I'm sure IO had RealTerm on a laptop showing all the bluetooth traffic but I'm not able to check that at this time.
39  Using Arduino / Displays / Re: LCD connections with Arduino Ethernet shield on: August 23, 2014, 07:06:42 am
If you are using a bare LCD display, you can use any pins you like so long as you nominate them properly.
For instance, in the standard Hello World programme, with

 * LCD RS pin to digital pin 12
 * LCD Enable pin to digital pin 11
 * LCD D5 pin to digital pin 4
and the line

LiquidCrystal lcd(12, 11, 5, 4, 3, 2);

You could put RS on 8, Enable on 9 and D5  onto 6, and change the line to

LiquidCrystal lcd(8, 9, 5, 6, 3, 2);

If you are using an LCD shield, similar moves are required. I had to clip pin 4, put a jumper therefrom across to A2, and use

LiquidCrystal lcd(8,9,A2,5,6,7);

instead but I was lucky in only having to make one jumper.

This is the advantage of having the pin call in the programme, rather than having to find and edit it in the library.

I think that Hello World example is moronic. It works as is, but just serves to spook newbies later.

40  Using Arduino / Networking, Protocols, and Devices / Re: communication problem (Ethernet shield and EFCom GPRS/GSM Shield) on: August 21, 2014, 06:24:03 pm
When i used RX1 TX1 -> RX TX on gsm shield. GSM shield still does not work.

Did you change the jumpers on the shield?
41  Using Arduino / Networking, Protocols, and Devices / Re: HC-05 Bluetooth module Arduino Uno problem on: August 21, 2014, 06:20:06 pm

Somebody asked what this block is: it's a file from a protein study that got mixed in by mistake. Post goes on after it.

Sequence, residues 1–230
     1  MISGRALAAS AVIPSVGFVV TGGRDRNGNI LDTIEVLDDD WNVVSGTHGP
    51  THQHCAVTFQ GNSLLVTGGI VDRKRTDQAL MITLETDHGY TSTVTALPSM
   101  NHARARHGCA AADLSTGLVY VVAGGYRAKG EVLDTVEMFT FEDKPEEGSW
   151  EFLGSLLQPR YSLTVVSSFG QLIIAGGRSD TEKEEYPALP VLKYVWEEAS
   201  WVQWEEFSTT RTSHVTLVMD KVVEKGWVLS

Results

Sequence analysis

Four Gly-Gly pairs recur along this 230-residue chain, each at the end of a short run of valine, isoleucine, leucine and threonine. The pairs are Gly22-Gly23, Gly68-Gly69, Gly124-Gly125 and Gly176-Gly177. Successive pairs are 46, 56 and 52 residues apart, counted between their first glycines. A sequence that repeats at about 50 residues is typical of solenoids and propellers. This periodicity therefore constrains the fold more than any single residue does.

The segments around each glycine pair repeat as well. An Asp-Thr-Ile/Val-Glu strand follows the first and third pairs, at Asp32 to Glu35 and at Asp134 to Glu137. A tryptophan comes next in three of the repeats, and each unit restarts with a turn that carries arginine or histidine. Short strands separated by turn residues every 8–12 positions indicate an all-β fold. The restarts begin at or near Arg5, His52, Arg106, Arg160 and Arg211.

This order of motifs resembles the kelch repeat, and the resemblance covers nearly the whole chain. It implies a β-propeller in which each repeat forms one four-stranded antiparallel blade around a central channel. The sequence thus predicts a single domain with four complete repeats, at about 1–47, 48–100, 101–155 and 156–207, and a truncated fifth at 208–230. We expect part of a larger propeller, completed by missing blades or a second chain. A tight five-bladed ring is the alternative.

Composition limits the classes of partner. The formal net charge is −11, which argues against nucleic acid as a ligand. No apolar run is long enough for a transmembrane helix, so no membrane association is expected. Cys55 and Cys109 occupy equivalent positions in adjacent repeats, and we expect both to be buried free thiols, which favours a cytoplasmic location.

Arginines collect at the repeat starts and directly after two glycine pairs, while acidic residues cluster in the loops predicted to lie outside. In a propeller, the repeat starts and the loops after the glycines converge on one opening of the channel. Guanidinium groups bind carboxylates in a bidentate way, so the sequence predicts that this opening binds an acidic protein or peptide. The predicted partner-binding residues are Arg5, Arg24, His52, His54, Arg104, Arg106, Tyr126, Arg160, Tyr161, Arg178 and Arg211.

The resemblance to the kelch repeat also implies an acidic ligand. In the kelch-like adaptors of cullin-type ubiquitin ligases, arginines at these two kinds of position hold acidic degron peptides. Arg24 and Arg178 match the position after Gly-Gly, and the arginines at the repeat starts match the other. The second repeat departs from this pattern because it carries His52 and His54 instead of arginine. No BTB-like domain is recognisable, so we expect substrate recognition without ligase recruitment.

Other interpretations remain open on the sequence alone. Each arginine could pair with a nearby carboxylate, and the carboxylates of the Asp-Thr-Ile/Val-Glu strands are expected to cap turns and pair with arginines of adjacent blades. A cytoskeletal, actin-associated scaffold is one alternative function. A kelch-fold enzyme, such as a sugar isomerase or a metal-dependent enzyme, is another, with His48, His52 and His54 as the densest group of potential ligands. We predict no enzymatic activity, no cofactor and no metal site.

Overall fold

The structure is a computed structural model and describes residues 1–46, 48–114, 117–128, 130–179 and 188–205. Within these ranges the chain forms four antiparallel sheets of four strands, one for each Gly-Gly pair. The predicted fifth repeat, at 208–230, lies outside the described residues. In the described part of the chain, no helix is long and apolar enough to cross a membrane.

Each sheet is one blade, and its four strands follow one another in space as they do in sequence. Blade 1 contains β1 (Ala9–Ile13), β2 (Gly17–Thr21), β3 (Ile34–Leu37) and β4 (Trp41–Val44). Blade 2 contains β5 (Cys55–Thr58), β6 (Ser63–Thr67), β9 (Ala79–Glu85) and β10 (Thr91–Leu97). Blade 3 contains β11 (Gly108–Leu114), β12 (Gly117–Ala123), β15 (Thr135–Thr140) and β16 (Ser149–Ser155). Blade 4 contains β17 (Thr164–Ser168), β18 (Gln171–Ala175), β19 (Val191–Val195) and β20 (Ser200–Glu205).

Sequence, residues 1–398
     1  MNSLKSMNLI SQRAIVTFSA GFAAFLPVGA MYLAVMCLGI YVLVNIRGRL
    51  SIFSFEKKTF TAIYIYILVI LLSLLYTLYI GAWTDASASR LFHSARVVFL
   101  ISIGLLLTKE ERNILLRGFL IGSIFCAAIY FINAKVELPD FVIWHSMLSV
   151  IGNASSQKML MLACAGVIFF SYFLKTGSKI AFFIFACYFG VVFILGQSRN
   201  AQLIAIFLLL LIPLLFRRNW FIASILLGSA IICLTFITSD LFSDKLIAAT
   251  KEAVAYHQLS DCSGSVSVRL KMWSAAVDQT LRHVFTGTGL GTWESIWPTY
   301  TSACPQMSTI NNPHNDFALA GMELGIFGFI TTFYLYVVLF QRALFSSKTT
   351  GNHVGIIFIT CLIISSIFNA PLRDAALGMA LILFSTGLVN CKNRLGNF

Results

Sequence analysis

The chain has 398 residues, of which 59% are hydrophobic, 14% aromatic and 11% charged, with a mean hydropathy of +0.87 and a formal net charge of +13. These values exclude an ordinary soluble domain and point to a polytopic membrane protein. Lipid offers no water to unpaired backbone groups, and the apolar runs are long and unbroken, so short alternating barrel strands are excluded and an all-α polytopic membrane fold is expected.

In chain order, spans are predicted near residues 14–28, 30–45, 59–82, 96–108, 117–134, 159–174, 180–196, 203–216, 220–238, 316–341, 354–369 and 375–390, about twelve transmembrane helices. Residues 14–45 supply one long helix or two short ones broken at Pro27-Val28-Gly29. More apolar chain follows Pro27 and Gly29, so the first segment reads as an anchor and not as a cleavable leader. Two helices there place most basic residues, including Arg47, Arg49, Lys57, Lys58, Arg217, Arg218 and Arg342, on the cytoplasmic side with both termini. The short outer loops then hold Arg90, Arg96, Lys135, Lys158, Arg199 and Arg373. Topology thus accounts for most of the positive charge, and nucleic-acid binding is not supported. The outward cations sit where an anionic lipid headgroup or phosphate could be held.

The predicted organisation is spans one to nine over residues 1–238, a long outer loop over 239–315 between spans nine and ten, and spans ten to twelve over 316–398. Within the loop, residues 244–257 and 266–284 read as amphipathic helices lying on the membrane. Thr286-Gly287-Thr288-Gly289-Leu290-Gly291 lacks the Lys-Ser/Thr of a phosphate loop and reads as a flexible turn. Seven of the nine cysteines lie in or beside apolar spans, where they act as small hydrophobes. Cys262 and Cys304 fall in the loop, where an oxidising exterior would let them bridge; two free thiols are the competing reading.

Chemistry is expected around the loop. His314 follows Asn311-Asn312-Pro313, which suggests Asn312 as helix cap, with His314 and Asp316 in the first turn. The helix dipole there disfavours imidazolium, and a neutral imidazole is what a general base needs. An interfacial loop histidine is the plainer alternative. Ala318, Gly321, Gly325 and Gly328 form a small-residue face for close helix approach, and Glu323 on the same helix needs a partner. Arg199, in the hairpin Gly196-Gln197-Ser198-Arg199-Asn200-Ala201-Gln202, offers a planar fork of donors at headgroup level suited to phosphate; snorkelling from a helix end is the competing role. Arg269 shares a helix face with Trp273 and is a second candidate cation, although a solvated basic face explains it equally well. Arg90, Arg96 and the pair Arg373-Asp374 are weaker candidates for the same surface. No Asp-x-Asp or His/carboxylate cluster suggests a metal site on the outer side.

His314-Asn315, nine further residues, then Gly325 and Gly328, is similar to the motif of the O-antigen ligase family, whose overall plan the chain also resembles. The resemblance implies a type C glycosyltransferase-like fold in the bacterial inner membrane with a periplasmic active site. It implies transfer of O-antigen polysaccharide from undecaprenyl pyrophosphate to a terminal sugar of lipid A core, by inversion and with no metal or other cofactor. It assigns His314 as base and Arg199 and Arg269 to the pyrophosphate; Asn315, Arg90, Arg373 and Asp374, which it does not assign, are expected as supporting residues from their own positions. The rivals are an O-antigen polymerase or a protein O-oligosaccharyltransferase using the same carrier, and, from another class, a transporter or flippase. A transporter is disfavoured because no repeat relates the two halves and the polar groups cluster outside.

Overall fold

You have two programmes there, both using software serial.  Are you saying the first runs OK and the second does not?

It seems that the only difference is the LED control and it might be time to suspect the LED. You can test this with a blink programme. I don't know anything about LEDs or software serial,  but your original programme works OK. If the first programme with software serial works OK, at least you have proved the bluetooth module is OK.
42  Using Arduino / Project Guidance / Re: Saving Arduino sensor data to a text file on: August 21, 2014, 09:39:30 am
What you are using is the standard example. "Rewriting" is a bit of a stretch. There is no need to change the setup, although some omission won't go astray.  All you need to do is adapt it to the data you are sending. The data you send to SD should be essentially the same, and sent in the same style, as you would to monitor or display.

Below is code for serial, display and SD. As you can see the SD section in setup is just a stripped down version of what you have.

//  This Arduino sketch reads DS18B20 "1-Wire" digital
//  temperature sensors.

#include <OneWire.h>
#include <DallasTemperature.h>
#include <SPI.h>                 

#include <PCD8544.h>             // Nokia 5110
#include <SD.h>                  // SD card
#include <string.h>              // from Date As Filename
#include "RTClib.h"              // from Date As Filename
#include "Wire.h"                // MUST HAVE lib for LCD disp, SD card, and serial

#define DS1307_ADDRESS 0x68

static PCD8544 lcd;

File myFile;
char filename[] = "00000000.CSV";

// Custom symbols
static const byte DEGREES_CHAR = 1;
static const byte degrees_glyph[] = { 0x00, 0x07, 0x05, 0x07, 0x00 };
static const byte SLASH_CHAR = 2;
static const byte slash_glyph[] = {0x00,0x20,0x10,0x08};

// Yellow group Lismore
byte InThermo[8] =  {
  0x28, 0x39, 0xFD, 0x50, 0x04, 0x00, 0x00, 0X69};
byte OutThermo[8] = {
  0x28, 0x09, 0xA9, 0xC0, 0x03, 0x00, 0x00, 0x95};
byte DrainThermo[8] = {
  0x28, 0x62, 0xA5, 0x2D, 0x04, 0x00, 0x00, 0x21};

#define ONE_WIRE_BUS 3
OneWire oneWire(ONE_WIRE_BUS);
DallasTemperature sensors(&oneWire);

int  second, minute, hour, weekDay, monthDay, month, year;
int k=0;

const int chipSelect = 4;